Recent comments from US president Donald Trump that refer to a “military option” being under consideration in response to recent and ongoing developments across Venezuela have been met with strong opposition from leaders in Latin America. His vice president, Mike Pence, has now stated that the United States is seeking a “peaceful path” forward for Venezuela. Chiming in on the situation, Colombian President Juan Manuel Santos, a known and vocal US ally, has said that US military intervention “shouldn’t even be considered”.
Defiant opposition to US military intervention in Latin America has historically deep roots, tracing back to bad memories of the Cold War era, when most countries in the region were under military dictatorships (which were, to a fair extent, sponsored by the US, though a few such as Nicaragua and Cuba received support from other superpowers).
“Trump’s comments will, in our view, give credence to Venezuelan president Nicolas Maduro’s claims that Venezuela is the victim of a US-led conspiracy,” Jan Dehn, head of research at emerging market specialist investment management firm wrote in a note to clients last week. “Trump’s comments may therefore end up strengthening Maduro and not weaken him.” And as if on cue, Maduro announced in recent days that he is moving local elections forward to October of this year. “This is a clear sign that he feels strengthened,” Dehn added. And the recent approval of a pro-government Constituent Assembly has also significantly increased Maduro’s political standing at the expense of the leading opposition party.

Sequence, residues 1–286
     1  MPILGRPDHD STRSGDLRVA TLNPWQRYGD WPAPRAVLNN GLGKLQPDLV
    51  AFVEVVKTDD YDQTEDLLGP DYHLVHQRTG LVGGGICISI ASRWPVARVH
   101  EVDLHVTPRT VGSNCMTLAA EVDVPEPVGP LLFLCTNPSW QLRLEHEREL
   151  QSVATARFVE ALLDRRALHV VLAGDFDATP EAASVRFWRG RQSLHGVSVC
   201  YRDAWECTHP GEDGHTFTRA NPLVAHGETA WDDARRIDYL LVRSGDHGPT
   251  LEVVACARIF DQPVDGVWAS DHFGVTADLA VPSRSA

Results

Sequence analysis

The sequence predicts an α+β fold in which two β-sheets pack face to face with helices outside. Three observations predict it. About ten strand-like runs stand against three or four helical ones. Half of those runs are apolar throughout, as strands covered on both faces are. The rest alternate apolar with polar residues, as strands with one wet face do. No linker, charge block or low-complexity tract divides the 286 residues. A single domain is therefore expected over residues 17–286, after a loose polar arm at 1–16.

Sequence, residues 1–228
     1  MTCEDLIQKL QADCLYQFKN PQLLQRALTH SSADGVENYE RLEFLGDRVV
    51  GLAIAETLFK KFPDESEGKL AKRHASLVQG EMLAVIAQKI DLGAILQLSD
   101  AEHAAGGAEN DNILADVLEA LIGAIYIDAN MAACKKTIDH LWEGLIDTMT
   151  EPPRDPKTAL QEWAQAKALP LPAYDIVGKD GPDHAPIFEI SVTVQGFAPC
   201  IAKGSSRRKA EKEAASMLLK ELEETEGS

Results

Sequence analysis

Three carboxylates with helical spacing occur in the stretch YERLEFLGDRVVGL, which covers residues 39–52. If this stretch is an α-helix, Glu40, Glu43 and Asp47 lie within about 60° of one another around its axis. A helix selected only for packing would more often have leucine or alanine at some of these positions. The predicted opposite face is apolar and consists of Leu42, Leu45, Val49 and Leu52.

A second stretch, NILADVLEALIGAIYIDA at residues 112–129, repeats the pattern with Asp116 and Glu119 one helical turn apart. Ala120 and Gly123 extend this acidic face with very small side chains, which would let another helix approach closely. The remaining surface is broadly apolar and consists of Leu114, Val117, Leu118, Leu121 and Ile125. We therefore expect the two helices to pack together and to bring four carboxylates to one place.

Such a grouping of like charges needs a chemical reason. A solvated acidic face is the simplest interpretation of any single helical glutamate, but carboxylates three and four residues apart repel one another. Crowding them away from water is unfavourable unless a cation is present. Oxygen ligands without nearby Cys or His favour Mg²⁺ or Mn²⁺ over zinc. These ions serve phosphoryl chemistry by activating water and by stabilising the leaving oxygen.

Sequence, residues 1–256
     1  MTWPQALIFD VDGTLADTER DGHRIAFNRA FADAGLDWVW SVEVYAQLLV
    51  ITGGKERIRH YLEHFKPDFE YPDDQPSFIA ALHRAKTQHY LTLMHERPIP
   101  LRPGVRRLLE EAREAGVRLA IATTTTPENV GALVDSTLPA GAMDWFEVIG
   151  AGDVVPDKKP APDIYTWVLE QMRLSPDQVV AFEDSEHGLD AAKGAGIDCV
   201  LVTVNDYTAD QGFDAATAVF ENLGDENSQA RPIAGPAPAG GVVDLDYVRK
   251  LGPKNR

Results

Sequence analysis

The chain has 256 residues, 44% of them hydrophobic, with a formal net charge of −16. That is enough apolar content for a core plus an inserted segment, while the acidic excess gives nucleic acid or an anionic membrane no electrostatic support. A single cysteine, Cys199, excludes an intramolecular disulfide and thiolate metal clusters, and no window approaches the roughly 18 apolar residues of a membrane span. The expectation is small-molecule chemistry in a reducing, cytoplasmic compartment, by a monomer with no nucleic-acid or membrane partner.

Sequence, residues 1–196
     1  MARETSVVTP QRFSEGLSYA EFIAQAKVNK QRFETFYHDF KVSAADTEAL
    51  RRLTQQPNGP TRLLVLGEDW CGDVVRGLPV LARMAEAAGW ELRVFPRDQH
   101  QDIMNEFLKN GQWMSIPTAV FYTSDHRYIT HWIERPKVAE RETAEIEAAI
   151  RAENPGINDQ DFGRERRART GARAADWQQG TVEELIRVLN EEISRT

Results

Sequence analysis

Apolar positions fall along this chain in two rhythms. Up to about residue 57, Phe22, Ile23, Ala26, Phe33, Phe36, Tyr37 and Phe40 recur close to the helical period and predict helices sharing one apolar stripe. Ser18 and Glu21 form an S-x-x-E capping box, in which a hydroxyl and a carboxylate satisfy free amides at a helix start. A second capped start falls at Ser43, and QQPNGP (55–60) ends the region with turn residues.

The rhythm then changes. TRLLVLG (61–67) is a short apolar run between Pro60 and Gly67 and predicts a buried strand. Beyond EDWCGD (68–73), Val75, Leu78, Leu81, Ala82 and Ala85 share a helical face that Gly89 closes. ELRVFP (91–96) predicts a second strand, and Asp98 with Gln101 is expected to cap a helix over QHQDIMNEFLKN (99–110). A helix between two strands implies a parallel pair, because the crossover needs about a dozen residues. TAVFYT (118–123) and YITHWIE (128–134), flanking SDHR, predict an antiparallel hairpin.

On the financial services front, investment bank Credit Suisse has now stopped transacting business in 2022 PDVSA bonds and 2036 Venezuelan bonds, as well as any securities issued after June 1st, 2017. Any business transactions with counterparties controlled by the Venezuelan government, private individuals and private companies involving Venezuela’s underlying assets now must also be cleared by its reputational risk office. Credit Suisse will continue to make markets in other PDVSA and Venezuelan bonds within the secondary market.
Credit Suisse, Dehn explains, is “trying to protect itself from the reputational risk associated with extending new financing to Venezuela after opposition leader Julio Borges placed counterparties in recent deals involving the above-mentioned bonds on notice”. This, according to Dehn, is a blow to the Maduro Administration, but by no means a fatal one. The primary source of financing for Venezuela has come from joint venture (JV) partners, which have provided the bulk of credit lines for PDVSA, Venezuela’s national oil company. To date these include Russia’s Rosneft, China, Chevron, ENI and Total, respectively.
“We do not think Credit Suisse’s announcement has a material impact on Venezuela’s oil production and its capacity to service debt.”
As noted, the Venezuelan government has strong incentives to continue to make debt payments, as debt service is critical to the willingness of the country’s JV partners to continue to extend finance/credit. PDVSA recently stated that it guarantees the legal security of all foreign energy companies operating as JV partners in the country. The JV’s also benefit from their operations in Venezuela in three ways: they make money from providing financing, they get to book oil reserves and they run their core oil businesses.